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Thursday, November 29, 2018

I guess the author wants money before she kicks the bucket...

In college I saw the book The Handmaid's Tale in the book store. I have to say it didn't peak my interest and I put it down.

Two years ago I was sick and saw Hulu stared a series based on the novel, and I figured I'll give it a try. So my two dogs and I laid in bed and gave The Handmaid's Tail an hour. An hour of my life. I was quite annoyed at the I would never get that hour of my life back.

Perhaps the book is more interesting, but the first episode was worthless to me. But after hearing the reviews, about it being so chilling during the Trump administration, I was convinced it would win multiple awards. I was right.

Now the author is going to write a sequel to the book. Not surprised. I wonder if it will track the current Hulu series:
Margaret Atwood to write ‘Handmaid’s Tale’ sequel

For decades, ardent fans of Margaret Atwood’s dystopian classic, “The Handmaid’s Tale,” have been demanding a sequel. And for years, Atwood has demurred.

But now Atwood has decided to continue the tale, more than three decades after it was first published. On Wednesday, she announced that she will publish “The Testaments,” a sequel to “The Handmaid’s Tale,” in September 2019. Set 15 years after the final scene of “The Handmaid’s Tale,” the novel features three female narrators.

In a statement released by her publisher, Atwood said she decided to return to the story not just because of her voracious fans, but because she wanted to explore the eerie parallels between her imagined dystopia and our current political climate.

“Dear Readers: Everything you’ve ever asked me about Gilead and its inner workings is the inspiration for this book,” she said. “Well, almost everything! The other inspiration is the world we’ve been living in...”
OK, what inspirations are you talking about. Hey, you like this type of fiction, be my guest. But last time I checked no one is denying women in America access to birth control, or forcing pregnant women to carry children to full term after they have been raped. If I'm on drugs, show me. There are some religious groups refusing to pay for birth control such as the pill, but no one is stopping a woman from getting this common, low cost contraceptive.

A few years back a lying slut named Sandra Flute perjured herself in front of Congress. She actually went up and said what was bankrupting her at Georgetown Law School was not the thirty thousand dollar tuition but the fact the student health plan would not cover the pill. To my shock, National Public Radio actually did some "journalism" and looked into her ridiculous claim. They went to a Target store a few miles from the campus and discovered the pill cost all of nine dollars a month. A month. I'll lay nine bucks the lying slut spends more than that at Starbucks every week.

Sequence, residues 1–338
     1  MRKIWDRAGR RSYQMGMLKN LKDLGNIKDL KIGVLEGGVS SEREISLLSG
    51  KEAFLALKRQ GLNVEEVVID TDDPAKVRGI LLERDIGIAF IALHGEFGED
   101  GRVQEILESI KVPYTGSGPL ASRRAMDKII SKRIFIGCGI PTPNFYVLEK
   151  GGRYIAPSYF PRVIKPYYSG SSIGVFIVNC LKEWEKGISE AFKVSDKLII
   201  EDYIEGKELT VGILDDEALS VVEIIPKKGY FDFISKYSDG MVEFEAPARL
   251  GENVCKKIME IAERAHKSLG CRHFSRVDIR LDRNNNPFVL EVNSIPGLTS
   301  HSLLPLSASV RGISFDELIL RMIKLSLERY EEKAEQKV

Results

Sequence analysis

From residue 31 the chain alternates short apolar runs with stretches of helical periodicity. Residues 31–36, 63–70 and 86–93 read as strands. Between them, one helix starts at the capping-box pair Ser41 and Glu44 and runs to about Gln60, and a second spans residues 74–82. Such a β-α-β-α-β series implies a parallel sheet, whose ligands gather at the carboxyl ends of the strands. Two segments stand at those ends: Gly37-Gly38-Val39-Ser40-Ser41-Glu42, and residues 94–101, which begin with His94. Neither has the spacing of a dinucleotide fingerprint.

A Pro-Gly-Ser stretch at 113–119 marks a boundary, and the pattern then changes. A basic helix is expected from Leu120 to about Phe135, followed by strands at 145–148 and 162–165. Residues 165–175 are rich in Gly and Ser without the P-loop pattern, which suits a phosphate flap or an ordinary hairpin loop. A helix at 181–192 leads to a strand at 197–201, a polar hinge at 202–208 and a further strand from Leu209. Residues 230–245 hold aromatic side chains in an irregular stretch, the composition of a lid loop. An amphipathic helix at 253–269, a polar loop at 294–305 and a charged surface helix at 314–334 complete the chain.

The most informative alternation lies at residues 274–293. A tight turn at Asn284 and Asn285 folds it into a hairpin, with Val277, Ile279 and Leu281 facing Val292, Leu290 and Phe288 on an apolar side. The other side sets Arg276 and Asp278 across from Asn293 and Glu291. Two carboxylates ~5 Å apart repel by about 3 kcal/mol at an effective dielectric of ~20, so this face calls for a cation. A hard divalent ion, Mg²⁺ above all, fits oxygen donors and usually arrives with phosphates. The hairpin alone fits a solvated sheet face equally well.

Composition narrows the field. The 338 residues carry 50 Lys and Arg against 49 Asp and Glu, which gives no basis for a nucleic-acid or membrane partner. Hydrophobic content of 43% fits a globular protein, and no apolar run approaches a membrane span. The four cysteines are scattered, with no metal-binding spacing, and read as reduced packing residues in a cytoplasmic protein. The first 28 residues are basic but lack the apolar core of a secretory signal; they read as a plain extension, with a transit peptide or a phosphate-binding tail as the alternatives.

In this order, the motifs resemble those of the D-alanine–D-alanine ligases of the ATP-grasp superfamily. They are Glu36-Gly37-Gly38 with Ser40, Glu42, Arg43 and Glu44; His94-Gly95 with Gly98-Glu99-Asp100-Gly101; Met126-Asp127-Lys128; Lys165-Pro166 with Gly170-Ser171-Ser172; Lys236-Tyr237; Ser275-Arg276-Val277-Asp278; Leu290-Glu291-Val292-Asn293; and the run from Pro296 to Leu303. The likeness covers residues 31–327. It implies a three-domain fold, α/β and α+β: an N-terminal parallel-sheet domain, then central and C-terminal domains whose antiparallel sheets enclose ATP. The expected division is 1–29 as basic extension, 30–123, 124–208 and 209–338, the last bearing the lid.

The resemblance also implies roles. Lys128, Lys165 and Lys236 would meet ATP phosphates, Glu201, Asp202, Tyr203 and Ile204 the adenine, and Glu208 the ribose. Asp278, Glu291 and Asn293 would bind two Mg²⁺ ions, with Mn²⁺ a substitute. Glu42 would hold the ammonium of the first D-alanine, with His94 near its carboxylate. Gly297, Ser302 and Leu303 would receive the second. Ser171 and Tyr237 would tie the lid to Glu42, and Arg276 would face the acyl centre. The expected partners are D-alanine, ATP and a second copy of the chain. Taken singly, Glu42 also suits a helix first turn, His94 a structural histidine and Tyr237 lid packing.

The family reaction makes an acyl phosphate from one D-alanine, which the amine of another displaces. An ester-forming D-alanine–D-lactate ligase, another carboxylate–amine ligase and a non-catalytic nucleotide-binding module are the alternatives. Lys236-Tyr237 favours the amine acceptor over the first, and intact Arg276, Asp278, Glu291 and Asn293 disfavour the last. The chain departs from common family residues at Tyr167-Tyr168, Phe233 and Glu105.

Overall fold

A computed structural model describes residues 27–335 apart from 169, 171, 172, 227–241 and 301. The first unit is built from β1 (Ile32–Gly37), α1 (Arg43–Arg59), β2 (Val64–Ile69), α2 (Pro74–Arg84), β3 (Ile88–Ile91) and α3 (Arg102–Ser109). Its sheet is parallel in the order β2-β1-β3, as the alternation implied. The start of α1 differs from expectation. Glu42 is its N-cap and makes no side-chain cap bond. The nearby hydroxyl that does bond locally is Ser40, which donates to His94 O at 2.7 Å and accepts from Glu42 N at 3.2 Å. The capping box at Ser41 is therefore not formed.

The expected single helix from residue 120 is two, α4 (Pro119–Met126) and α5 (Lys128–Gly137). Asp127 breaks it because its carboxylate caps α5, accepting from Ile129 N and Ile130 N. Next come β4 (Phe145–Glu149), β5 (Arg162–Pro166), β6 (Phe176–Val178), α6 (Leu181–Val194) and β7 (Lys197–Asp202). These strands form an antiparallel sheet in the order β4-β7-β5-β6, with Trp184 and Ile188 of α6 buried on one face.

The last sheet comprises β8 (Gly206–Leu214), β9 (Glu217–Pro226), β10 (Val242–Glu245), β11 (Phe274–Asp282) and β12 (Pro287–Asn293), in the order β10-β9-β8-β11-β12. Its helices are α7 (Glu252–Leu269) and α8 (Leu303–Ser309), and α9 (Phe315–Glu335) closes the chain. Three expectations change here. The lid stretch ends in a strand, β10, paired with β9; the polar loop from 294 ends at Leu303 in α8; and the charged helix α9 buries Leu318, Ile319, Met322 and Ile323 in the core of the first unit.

...“The Handmaid’s Tale,” which takes place in a futuristic theocratic state called Gilead where women are treated as property and used as reproductive serfs, has become almost a cultural shorthand for patriarchal oppression. Women dressed in red robes and white bonnets, the costumes that Atwood’s handmaids wear, have gathered in protests around the country to voice their opposition to policies that restrict women’s access to abortion and health care.
Again, what "policies" restrict access to abortion? Last time I checked Planned Parenthood has 650 clinics in the United States and preformed over 325, 000 abortions last year. What health care is being denied? Again, such dribble, but then again, we are talking the NY Times.
Atwood has often said that her novel was based not on some horrific vision of the future, but on real historical eras in which women were denied basic rights, as well as current theocratic patriarchal societies around the world.

“In Western society, you don’t have to go back very far to find alot of the things I put in,” Atwood said in an interview with the New York Times earlier this year, when she spoke about the growing interest in feminist dystopian stories. “How recently did women gain the right to control their own property?”

Atwood said the novel’s recent resurgence reflected our cultural preoccupation with imagining disastrous futures as a way of digesting current anxieties about political extremism and the fate of the planet.

“We live in an age of dystopias, not just because of women’s matters but because of what’s happening to the planet,” she said. “Things are not right...”

By your own words Ms. Atwood, we have made a lot of process in recent time. So if you want to write a dystopian novel, be my guest. But please, leave the feminist propaganda from NARAL and NOW out. It's tiresome.

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